University of Sydney students have been warned to beware of a “dangerous pseudo-Christian cult known as Shincheonji,” which has been recruiting people by conducting surveys around various universities in Australia and New Zealand.
Members of the group, also known as Shincheonji Church of Jesus the Temple of the Tabernacle of the Testimony, or SCJ, believe its founder Lee Man-hee is the appointed successor of Jesus Christ.
“This group preys on young, growing Christians and those investigating Christianity by offering ‘Bible studies’ which operate like intensive classes which students attend three times per week,” senior staff worker Brian Leung wrote in an email to a group of students who belong to the Evangelical Union (EU) on campus.
“They keep their activities under the radar by telling students not to tell their family and friends about these Bible studies, by warning students not to ‘teach’ others and by teaching that it is okay to lie. Because their initial teaching is not obviously heretical or a denial of orthodox Christianity, and because they insist that they teach from the Bible (albeit from obscure prophecies and parables), students are often not able to discern that they have joined a cult group.”
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The rest of the email gives specific advice on how to recognise and avoid cult groups and what to do if they or someone they know is in a cult group under false teaching.
Leung told Eternity he decided to act after he became aware two weeks ago that six students had been involved in this group over the past 12 months. Four had pulled out of the group but two others are still involved.
“Students are often not able to discern that they have joined a cult group.” – Brian Leung
Asked why SCJ is considered dangerous, Leung said its methods are highly manipulative. “The thing that differentiates them from legitimate Christianity is there is a lot of spiritual pressure to give a lot of money to these groups,” he said.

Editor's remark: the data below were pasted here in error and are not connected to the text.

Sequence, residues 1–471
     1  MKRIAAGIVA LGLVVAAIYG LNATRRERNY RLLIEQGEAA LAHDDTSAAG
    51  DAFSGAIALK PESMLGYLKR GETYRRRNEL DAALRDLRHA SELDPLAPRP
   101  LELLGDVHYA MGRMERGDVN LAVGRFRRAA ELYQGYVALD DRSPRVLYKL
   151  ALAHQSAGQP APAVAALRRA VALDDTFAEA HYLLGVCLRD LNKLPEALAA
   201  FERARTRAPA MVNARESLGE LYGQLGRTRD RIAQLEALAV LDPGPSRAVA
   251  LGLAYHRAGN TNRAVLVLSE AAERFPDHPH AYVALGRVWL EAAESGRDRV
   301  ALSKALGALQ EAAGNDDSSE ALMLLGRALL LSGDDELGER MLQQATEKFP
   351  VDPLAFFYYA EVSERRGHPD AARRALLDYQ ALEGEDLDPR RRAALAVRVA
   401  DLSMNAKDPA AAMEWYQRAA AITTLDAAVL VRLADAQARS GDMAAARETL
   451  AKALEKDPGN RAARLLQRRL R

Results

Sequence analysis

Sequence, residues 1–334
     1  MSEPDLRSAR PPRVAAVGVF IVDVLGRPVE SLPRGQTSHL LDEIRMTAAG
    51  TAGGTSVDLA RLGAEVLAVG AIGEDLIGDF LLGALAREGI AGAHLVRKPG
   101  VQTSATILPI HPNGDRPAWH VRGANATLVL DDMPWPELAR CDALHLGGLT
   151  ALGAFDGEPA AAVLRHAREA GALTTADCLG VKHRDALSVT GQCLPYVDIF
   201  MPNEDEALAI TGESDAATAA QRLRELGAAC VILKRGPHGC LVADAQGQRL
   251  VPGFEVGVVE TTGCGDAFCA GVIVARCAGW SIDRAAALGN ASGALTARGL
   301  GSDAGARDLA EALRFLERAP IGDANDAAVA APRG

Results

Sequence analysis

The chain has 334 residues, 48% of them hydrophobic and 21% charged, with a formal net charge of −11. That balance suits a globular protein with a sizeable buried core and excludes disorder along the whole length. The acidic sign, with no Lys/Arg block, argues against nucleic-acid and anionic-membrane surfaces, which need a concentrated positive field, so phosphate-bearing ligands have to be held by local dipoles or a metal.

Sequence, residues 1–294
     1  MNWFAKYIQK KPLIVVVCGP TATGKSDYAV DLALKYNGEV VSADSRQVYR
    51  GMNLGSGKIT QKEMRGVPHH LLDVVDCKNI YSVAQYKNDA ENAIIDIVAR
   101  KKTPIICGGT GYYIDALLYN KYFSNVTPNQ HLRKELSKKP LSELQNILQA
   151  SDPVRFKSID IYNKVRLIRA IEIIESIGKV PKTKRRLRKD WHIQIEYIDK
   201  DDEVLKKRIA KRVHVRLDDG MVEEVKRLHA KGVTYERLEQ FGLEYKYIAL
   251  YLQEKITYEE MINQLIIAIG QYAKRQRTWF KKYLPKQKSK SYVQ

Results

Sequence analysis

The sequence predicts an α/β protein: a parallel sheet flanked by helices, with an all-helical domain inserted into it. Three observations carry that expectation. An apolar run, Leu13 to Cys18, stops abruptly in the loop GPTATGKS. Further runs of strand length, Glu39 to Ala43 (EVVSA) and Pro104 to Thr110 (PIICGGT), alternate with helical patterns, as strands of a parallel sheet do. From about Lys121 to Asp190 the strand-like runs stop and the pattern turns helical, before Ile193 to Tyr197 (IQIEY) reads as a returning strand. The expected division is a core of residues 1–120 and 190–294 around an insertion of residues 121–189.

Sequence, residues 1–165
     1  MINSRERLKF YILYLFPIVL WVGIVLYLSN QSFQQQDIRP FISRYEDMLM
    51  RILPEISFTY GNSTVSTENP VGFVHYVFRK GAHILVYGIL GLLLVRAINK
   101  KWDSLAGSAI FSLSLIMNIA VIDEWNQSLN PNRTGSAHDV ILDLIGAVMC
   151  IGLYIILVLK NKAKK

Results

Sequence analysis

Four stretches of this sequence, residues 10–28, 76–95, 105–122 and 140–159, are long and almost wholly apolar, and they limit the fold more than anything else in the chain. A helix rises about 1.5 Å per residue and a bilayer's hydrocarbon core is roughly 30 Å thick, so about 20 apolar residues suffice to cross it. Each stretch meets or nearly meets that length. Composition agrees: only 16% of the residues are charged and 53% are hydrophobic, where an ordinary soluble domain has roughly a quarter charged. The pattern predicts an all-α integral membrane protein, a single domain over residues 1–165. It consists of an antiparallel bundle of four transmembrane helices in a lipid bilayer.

“They operate on a model that is really about controlling people. If you don’t conform to their particular doctrine, then there’s a lot of social pressure and guilt that is laid on people.”
The time commitment involved in attending these groups three times a week, and sometimes every day, is a way of taking them away from their existing friends and family, he said.
“All of those techniques are ways of controlling people, and I think that’s a risk because then people are being cut off their resources and their social supports as well.”
Leung said SCJ had been very successful at convincing people not to share about their activities.
“Usually the excuse is ‘we don’t want to be misunderstood … They won’t understand so you shouldn’t share about what you’re doing’, so I think that’s not a healthy thing.”
“They feel quite betrayed because they’ve been deceived by them.” – Brian Leung
Leung said SCJ teaches that it is the only true church and recruiting others into their group is a requirement of membership.
“Then, the most outright heresy would be their claim that Jesus has already returned in the form of their head pastor and leader of that group [Lee Man-hee].”
Leung has spoken with some of the students who were, or still are, involved with SCJ.
“The thing that has been most upsetting for them has been the fact they’ve gone along to this group and, in many cases, they’ve put quite a substantial commitment of time into it – because they’ve been going along for six or eight hours a week, for four to six months,” explains Leung.
“As they’ve found out that they’ve been taken in by a group that is actually not Christian at all, then they feel quite betrayed because they’ve been deceived by them.
“Then the real question is, ‘how could God let me get so far into this group and not protect me from them?’ Also, the question of ‘how do I know that what I believe is actually true? If I could have gone along for such a long time and not realised, what’s to say that all the rest of the teaching I’ve got might also be undermined?’”
As well as helping the students to debrief and realise it is not necessarily their fault they were deceived, Leung is trying to make sure these students are being looked after in good, healthy churches, so “they are able to be open about their faith and where they’re at and have conversations with their elders or pastors or others who are around them.”
He and a female staff worker are also counselling the two students who are continuing to attend the groups.